Extracutaneous Sweet Syndrome Involving the Gastrointestinal Tract in a Patient With Fanconi Anemia

Division of Pathology and Laboratory Medicine, Our Lady's Hospital for Sick Children, Crumlin, Dublin, Ireland.
Journal of Pediatric Hematology/Oncology (Impact Factor: 0.9). 02/2001; 23(1):59-62. DOI: 10.1097/00043426-200101000-00015
Source: PubMed


Acute febrile neutrophilic dermatosis, or Sweet syndrome, is a cutaneous eruption characterized clinically by the appearance of painful red plaques and nodules and histologically by an intense dermal neutrophilic infiltrate. Extracutaneous manifestations are rare. We report a patient in whom otherwise typical cutaneous Sweet syndrome was accompanied by an extracutaneous manifestation in the ileum.

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    • "Fanconi anaemia (FA) is a genetic disease characterized by chromosomal fragility and an increased risk of haematopoietic disorders including MDS and AML (Alter, 2003). SS in the setting of FA has been reported in five cases in the literature (Baron et al, 1989; McDermott et al, 2001; Chatham-Stephens et al, 2008). We describe seven patients with FA and SS and report a more frequent association than is seen in other premalignant conditions. "

    British Journal of Haematology 04/2011; 154(2):278-81. DOI:10.1111/j.1365-2141.2011.08604.x · 4.71 Impact Factor
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    ABSTRACT: The objective of this study was to describe the clinical features of Sweet syndrome in children. Our study population consisted of seven children diagnosed with Sweet syndrome over a 22-year period. Age, sex, appearance and location of lesions, associated signs and symptoms, past medical history, pathology, and subsequent disease course were documented for each patient. Fever and typical lesions were reported in most of patients in our study. The majority of patients presented with less-typical findings, such as pustules, vesicles, bullae, oral ulcerations, atrophic scars, and evidence of pathergy. Of the seven children in our study, four were found to have a preceding nonspecific upper respiratory or gastrointestinal infection, and two were diagnosed with an underlying hematologic malignancy. Our results suggest that atypical lesions are relatively common in children with Sweet syndrome and that underlying malignancy is associated with a minority of cases of pediatric Sweet syndrome.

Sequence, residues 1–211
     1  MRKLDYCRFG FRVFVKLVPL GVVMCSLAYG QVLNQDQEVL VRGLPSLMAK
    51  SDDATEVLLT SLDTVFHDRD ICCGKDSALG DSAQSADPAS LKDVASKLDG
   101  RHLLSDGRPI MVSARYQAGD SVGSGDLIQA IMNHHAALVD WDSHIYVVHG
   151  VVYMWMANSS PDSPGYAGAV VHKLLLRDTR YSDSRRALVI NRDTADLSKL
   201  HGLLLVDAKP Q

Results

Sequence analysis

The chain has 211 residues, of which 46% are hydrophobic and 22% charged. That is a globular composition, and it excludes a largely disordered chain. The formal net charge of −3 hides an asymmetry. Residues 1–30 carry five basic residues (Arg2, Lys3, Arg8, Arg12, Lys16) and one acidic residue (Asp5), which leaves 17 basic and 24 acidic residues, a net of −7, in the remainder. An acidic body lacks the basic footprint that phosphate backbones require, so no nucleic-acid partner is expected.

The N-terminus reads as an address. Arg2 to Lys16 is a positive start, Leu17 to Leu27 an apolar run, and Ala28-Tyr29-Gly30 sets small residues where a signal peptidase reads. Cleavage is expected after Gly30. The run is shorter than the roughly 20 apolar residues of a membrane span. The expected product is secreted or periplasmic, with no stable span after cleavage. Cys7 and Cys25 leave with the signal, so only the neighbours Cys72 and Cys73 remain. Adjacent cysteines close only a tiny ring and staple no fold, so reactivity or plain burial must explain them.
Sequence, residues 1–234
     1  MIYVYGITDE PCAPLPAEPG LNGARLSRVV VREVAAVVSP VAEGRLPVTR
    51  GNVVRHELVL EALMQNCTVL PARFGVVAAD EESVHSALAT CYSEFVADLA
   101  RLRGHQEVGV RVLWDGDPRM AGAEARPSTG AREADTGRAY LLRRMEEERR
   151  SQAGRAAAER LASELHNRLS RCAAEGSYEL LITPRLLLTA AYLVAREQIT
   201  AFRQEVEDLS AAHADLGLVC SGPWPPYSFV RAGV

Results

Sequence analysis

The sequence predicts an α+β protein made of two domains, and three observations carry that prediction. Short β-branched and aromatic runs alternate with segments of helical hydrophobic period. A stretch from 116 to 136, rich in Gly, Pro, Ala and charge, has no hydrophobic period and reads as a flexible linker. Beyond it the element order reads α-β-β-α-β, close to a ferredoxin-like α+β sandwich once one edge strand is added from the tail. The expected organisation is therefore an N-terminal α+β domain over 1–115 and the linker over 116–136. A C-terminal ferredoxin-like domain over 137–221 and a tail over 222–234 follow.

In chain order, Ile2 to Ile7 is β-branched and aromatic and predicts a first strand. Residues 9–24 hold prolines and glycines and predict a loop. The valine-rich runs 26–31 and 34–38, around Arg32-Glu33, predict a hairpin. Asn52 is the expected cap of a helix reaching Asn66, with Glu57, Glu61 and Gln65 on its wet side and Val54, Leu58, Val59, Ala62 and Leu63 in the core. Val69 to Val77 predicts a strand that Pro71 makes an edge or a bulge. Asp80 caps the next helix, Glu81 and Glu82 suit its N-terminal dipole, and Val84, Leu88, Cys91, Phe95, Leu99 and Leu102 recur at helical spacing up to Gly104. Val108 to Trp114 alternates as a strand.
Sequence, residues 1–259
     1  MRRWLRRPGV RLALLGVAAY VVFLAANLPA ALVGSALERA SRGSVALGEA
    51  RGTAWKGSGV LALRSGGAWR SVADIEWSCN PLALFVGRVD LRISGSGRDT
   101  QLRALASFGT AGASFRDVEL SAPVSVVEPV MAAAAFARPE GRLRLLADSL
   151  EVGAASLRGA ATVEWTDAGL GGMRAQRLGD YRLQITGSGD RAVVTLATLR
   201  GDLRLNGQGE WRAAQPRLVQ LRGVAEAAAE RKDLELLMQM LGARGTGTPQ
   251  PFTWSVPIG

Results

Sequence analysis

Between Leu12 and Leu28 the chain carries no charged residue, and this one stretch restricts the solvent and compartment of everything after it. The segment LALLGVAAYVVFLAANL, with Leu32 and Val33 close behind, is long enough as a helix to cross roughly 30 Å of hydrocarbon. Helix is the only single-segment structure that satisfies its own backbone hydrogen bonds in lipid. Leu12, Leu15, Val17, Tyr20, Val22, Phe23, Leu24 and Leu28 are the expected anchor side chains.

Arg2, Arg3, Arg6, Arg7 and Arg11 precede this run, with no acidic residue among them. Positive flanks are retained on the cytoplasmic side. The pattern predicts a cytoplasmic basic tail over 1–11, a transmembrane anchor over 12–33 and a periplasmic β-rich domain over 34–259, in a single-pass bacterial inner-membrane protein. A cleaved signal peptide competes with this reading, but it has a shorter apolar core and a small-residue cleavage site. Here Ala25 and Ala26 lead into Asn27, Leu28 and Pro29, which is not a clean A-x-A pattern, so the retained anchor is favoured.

Pediatric Dermatology 01/1981; 29(1):38-44. DOI:10.1111/j.1525-1470.2011.01534.x · 1.02 Impact Factor
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    ABSTRACT: Fanconi anemia (FA) is an autosomal recessive disease associated with an abnormal response to DNA damage. Although FA is well known for the association of aplastic anemia and characteristic birth defects, leukemia and solid tumors also occur at a high rate in this group of patients. A review of all reported cases is informative with regard to the specific types of cancer, the ages at which they occur, and the cumulative probability of their development. Medline and bibliographies of publications were searched for articles containing "Fanconi's anemia" or "aplastic anemia" and all cases of FA from 1927 through 2001 were included in the database. Cancer cases were identified within these reports. Descriptive statistical analyses were performed using Stata7 software. One thousand three hundred cases of FA were identified. Nine percent had leukemia (primarily acute myeloid leukemia), 7% had myelodysplastic syndrome, 5% had solid tumors, and 3% had liver tumors. Patients with cancer were older than the cancer-free patients at the time of diagnosis of FA. The median age for cancer (including leukemia) was 16, compared with 68 in the general population. The most frequent solid tumors were aerodigestive and gynecological carcinomas. In approximately 25% of patients with cancer, the malignancy preceded the diagnosis of FA. If the competing risks of aplastic anemia and leukemia could be removed, the estimated cumulative probability of development of a solid tumor in FA patients is 76% by the age of 45 years. Carcinogenic pathways and cancer prevention, surveillance, and treatment can be studied to advantage in this genetic model of human cancer.
    Cancer 01/2003; 97(2):425-40. DOI:10.1002/cncr.11046 · 4.89 Impact Factor
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